Tuamotu Tropical Moist Forests | One Earth
Tuamotu Tropical Moist Forests

Tuamotu Tropical Moist Forests

Image credit: Creative Commons

Tuamotu Tropical Moist Forests

The ecoregion’s land area is provided in units of 1,000 hectares. The protection goal is the Global Safety Net (GSN1) area for the given ecoregion. The protection level indicates the percentage of the GSN goal that is currently protected on a scale of 0-10. N/A means data is not available at this time.

Bioregion: Southeast Polynesian Islands (OC3)

Realm: Oceania

Ecoregion Size (1000 ha):

95

Ecoregin ID:

632

Protection Goal:

6%

Protection Level:

7

States: French Polynesia, Pitcairn Islands

The coralline atolls of the remote and far-flung Tuamotu Archipelago offer respite to millions of migratory shorebirds and their sandy shores support hardy thickets that are home to kingfishers, monarchs, lorikeets, and reed warblers, as well as giant coconut crabs. Further south in the Gambier and Pitcairn islands denser forests have taken hold on eroded volcanic hillocks and upraised limestone islands. 

The flagship species for the Tuamotu Tropical Moist Forests ecoregion is the Mangareva kingfisher. Image credit: Courtesy of Luca Tringali

This vast ecoregion encompasses the 76 atolls and islands of Tuamotu, and stretches 1,800 km to the Gambier Islands and the Pitcairn Islands 1,000 km to the east. The biodiversity present reflects the archipelago’s extreme isolation and difficult conditions of surviving on atolls. Tuamotu atolls support a mixed broadleaf strand forest. 

Common tree elements are Suriana maritime, Pemphis acidula, Scaevola spp., Guettarda speciosa, Tournefortia argentea, Pisonia grandis, Pandanus tectorius, Pipturus argenteus, Sesbania coccinea, Cordia subcordata, Morinda citrifolia, and Calophyllum inophyllum. The endemic Myrsine niauensis is found on Niau Atoll. Uplifted limestone (makatea) support a dense, tall forest dominated by Pisonia grandis, Pandanus tectorius, Ficus prolixa, Homalium moua, Guettarda speciosa, and the endemic palm Pritchardia vuyltekeana. Henderson Island plateau forest has Thespesia populnea and shrubs like Bidens hendersonensis, Nesoluma st-johnianum, and Geniostoma hendersonensis

At higher altitudes on Pitcairn and Gambier Islands one finds trees such as Homalium moua and Metrosideros collina. The isolated Henderson and Pitcairn Islands have around 14% endemism for vascular plants, though endemism is much lower on the atolls. Many seabirds breed here, including 22 species in the Tuamotus and 14 species in the Gambier and Pitcairn Islands. Pitcairn and Henderson Islands have 5 endemic land birds, a good number for such small islands. The Tuamotus have an endemic sandpiper, the Tuamotu sandpiper (Prosobonia cancellata), which is now restricted to uninhabited, rat-free islands. 

Ptilinopus. Image credit: Creative Commons

Many of the atolls still retain relatively pristine vegetation, though some have been cleared to some extent for settlements, copra plantations, or nuclear testing. Henderson Island remains as one of the most intact makatea islands in the world, and the Polynesian rat currently is the only introduced vertebrate. The low level of invasive species present has allowed many native species to persist, including two species of land bird, nine endemic land snails, and at least 450 arthropod species, including 50 endemics.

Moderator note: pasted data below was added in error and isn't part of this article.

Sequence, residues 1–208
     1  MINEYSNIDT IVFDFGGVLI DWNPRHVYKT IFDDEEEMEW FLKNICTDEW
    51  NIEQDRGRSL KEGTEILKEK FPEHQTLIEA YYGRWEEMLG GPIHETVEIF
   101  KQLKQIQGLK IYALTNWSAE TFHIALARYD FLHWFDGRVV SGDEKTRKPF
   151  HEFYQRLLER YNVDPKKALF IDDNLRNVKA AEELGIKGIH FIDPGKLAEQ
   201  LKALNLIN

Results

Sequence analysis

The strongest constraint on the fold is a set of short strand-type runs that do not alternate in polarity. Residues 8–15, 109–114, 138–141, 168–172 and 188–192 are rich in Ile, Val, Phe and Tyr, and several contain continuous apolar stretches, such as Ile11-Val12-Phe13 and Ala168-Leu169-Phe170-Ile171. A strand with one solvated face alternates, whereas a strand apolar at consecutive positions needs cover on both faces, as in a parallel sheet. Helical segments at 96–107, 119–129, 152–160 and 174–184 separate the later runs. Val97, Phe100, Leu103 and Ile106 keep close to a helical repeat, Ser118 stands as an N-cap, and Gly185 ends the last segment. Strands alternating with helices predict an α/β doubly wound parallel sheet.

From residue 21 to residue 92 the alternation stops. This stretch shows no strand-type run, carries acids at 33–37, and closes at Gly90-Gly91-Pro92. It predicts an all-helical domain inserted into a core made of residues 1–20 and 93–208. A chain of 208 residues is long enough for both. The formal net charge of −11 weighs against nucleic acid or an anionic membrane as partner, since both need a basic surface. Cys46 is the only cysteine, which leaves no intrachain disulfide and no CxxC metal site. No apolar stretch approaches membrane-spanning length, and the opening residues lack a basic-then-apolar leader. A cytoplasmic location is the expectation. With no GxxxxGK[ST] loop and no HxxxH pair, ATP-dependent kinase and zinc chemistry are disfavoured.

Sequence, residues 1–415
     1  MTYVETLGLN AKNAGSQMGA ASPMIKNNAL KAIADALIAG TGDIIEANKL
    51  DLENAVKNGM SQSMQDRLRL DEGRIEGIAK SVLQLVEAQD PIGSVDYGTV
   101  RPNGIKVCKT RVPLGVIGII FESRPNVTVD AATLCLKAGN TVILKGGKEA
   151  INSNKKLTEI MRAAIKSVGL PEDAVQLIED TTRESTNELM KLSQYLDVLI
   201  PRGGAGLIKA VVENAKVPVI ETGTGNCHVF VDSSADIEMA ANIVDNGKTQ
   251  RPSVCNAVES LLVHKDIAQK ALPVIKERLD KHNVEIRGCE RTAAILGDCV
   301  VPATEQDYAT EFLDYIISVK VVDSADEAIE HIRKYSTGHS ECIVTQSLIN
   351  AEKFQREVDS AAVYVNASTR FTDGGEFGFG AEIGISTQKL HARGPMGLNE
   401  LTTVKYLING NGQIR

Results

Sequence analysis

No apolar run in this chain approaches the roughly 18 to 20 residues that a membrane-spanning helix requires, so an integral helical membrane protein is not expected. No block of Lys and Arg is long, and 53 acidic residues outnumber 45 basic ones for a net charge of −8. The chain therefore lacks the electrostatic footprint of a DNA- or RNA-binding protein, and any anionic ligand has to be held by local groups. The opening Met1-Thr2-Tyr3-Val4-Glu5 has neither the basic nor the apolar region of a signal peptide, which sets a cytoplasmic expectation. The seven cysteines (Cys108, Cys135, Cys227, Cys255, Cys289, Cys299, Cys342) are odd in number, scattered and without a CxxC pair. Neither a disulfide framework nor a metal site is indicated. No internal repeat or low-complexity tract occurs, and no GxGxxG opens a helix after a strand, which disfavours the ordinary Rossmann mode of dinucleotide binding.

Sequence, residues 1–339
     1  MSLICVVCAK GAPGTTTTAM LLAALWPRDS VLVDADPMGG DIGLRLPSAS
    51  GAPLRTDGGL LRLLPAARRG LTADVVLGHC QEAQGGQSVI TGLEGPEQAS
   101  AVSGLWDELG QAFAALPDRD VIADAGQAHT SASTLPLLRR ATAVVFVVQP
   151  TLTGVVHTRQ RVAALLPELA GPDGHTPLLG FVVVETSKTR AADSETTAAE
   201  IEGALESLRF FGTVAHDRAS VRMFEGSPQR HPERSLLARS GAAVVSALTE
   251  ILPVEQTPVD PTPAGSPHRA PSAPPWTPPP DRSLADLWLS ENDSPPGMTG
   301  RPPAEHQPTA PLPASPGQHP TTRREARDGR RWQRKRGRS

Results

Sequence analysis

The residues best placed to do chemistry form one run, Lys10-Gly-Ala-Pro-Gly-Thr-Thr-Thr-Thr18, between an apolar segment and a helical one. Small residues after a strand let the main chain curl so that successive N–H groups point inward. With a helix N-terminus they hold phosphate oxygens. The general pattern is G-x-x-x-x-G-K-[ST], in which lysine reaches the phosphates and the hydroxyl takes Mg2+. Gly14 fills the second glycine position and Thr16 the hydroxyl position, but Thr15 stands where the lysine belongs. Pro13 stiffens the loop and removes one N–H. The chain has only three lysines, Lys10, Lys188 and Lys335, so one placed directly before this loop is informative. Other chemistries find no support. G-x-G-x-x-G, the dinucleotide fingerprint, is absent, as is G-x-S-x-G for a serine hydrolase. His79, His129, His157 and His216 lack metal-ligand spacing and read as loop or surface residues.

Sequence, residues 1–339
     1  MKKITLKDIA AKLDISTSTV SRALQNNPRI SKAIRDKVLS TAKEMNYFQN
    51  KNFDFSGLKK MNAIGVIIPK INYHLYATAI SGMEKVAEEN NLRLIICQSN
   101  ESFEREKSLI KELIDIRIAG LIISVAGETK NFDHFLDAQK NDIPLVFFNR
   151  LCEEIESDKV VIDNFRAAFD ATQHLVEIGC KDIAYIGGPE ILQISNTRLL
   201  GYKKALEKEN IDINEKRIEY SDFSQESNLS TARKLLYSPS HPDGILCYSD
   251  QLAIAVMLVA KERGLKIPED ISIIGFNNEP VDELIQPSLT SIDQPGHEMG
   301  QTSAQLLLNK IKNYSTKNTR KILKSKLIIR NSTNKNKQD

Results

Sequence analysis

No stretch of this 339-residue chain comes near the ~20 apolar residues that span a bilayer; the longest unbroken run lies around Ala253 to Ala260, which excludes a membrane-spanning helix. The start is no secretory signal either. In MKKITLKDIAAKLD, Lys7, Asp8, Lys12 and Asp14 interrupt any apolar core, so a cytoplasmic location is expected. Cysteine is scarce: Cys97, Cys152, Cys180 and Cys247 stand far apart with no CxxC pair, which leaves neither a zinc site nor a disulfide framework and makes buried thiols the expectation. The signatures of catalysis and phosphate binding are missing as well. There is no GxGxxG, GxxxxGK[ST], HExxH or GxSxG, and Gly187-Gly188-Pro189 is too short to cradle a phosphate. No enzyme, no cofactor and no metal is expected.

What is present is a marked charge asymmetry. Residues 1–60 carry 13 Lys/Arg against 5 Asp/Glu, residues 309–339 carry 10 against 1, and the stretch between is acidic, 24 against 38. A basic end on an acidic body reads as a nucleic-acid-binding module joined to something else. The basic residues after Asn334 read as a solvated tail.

The endemic parrot, the Henderson lory (Vini stepheni), feeds largely on the nectar of only two plant species. The Henderson Island fruit-dove (Ptilinopus insularis) has a narrower fruit diet than all other Ptilinopus species so far studied, feeding on all 14 fruiting species available on the island and dispersing seeds of those plants. The critically endangered Mangareva kingfisher and its close relative Niau kingfisher, both numbering at only about 130 individuals, are endemic to Niau. Polynesian settlement led to the extinction of at least 8 to 15 pigeon species as well as dozens of other endemic birds from the Tuamotu ecoregion. 

The introduction of black rats and cats has had major impacts on native birds throughout the rest of the Tuamotus. Goats and rabbits introduced in the Gambiers also help degrade most of the native habitat. Rising ocean levels may inundate many of the atolls over coming decades.

The priority conservation actions for the next decade are to: 1) strengthen protection and management of the only area of native vegetation remaining in the Gambier Islands on the steep south slope of Mt. Mokota, Mangareva Island; 2) continue to put in place effective management of Henderson, Oeno, Pitcairn, and Ducie Islands, including intensive invasive control or eradication on key islands or habitat remnants; and 3) carry out intensive community-supported invasive control on key atolls still providing refuge to threatened bird species, such as the Tuamotu sandpiper and Mangareva kingfisher.

Citations

  1. CEPF. 2007. Ecosystem Profile: Polynesia/Micronesia Biodiversity Hotspot. Critical Ecosystem Partnership Fund, Washington, DC.
  2. Cowie RH. 1992. Evolution and extinction of Partulidae, endemic Pacific island land snails. Philosophical Transactions of the Royal Society of London Biological Sciences 335:167-191.
  3. Florence, J. 1987. Endemisme et evolution de la flore en Polynésie Française. Bulletin of the Zoological Society of French Polynesia 112:370-380.
  4. Male T. 2018. Tuamotus Tropical Moist Forest. Accessed 1 June 2018 at https://www.worldwildlife.org/ecoregions/oc0115.
  5. Mueller-Dombois D, FR Fosberg. 1998. Vegetation of the Tropical Pacific Islands. Springer-Verlag, New York.
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